# How does Radioactive Decay work under Special Relativity?

The other day I had the following thought experiment:

Envision that you have 1 kilogram of radioactive Promethium, which has a half-life of 17.3 years, which you put inside a box and load onto a spaceship. You then accelerate this spaceship to 0.9c, where c is the speed of light in a vacuum, and allow it to stay at this speed for 17.3 years after which the spaceship returns to earth, and you take out your sample of Promethium and measure the amount Promethium left in your original 1 kilogram sample. How much Promethium would you expect to find?

In an attempt to come to some sensible answer to my question, I proceeded with the following. The time elapsed between the first time I measured my sample of Promethium and until the spaceship returned and I measured my sample again was 17.3 years which is precisely the half-life of Promethium, so I would expect to find about 500 grams of Promethium left in my sample. On the other hand, we also know that time dilation effects start becoming important when traveling at a significant fraction of the speed of light. So from the perspective of the sample, the amount of time that has elapsed is $$\Delta t^{sample} = 17.3 years * \sqrt{1-0.9^2} \approx 7.5 years$$, which means the sample only had about 7.5 years to undergo radioactive decay and so you would expect to have about 740 grams of Promethium left.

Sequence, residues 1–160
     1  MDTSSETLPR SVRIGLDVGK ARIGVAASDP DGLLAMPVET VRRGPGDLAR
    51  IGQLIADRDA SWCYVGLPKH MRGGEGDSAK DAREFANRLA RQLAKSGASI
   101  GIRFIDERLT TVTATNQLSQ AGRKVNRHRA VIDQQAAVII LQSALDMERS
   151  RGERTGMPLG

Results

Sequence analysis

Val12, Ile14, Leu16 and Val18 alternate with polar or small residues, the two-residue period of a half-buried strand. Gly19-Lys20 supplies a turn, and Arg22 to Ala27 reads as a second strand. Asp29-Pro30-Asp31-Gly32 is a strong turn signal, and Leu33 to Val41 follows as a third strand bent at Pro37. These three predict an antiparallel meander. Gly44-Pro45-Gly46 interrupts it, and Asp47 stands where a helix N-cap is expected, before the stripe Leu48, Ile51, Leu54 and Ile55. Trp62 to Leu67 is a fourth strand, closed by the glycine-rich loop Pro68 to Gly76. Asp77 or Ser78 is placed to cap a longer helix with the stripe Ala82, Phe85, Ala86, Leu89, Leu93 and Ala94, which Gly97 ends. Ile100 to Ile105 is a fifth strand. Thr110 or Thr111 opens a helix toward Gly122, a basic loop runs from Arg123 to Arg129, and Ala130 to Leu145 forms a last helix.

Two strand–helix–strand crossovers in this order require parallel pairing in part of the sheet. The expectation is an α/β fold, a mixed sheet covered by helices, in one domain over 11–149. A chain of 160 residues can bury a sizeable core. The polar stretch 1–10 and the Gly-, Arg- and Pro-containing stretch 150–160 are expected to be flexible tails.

So the question becomes, which one is correct? How much Promethium will you find when you measure your sample the second time? A why would also be appreciated; this has been like a bad itch that I would like scratched :)

• Should suffice to just consider the proper time experienced by the substance. Commented Aug 15, 2022 at 6:50